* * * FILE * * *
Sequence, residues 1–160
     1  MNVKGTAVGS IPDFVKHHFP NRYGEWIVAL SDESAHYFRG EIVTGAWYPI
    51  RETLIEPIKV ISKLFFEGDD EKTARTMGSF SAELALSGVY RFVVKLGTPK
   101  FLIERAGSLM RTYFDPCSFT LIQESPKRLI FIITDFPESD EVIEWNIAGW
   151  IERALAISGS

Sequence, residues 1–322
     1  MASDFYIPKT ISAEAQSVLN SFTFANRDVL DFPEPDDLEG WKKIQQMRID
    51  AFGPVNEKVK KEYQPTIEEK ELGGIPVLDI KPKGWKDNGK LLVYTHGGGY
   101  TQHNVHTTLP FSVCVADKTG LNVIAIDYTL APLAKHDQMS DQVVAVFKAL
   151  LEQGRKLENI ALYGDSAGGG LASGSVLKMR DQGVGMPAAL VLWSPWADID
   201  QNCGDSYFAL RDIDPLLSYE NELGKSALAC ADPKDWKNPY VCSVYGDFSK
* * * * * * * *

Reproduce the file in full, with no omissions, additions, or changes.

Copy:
Sequence, residues 1–160
     1  MNVKGTAVGS IPDFVKHHFP NRYGEWIVAL SDESAHYFRG EIVTGAWYPI
    51  RETLIEPIKV ISKLFFEGDD EKTARTMGSF SAELALSGVY RFVVKLGTPK
   101  FLIERAGSLM RTYFDPCSFT LIQESPKRLI FIITDFPESD EVIEWNIAGW
   151  IERALAISGS

Sequence, residues 1–322
     1  MASDFYIPKT ISAEAQSVLN SFTFANRDVL DFPEPDDLEG WKKIQQMRID
    51  AFGPVNEKVK KEYQPTIEEK ELGGIPVLDI KPKGWKDNGK LLVYTHGGGY
   101  TQHNVHTTLP FSVCVADKTG LNVIAIDYTL APLAKHDQMS DQVVAVFKAL
   151  LEQGRKLENI ALYGDSAGGG LASGSVLKMR DQGVGMPAAL VLWSPWADID
   201  QNCGDSYFAL RDIDPLLSYE NELGKSALAC ADPKDWKNPY VCSVYGDFSK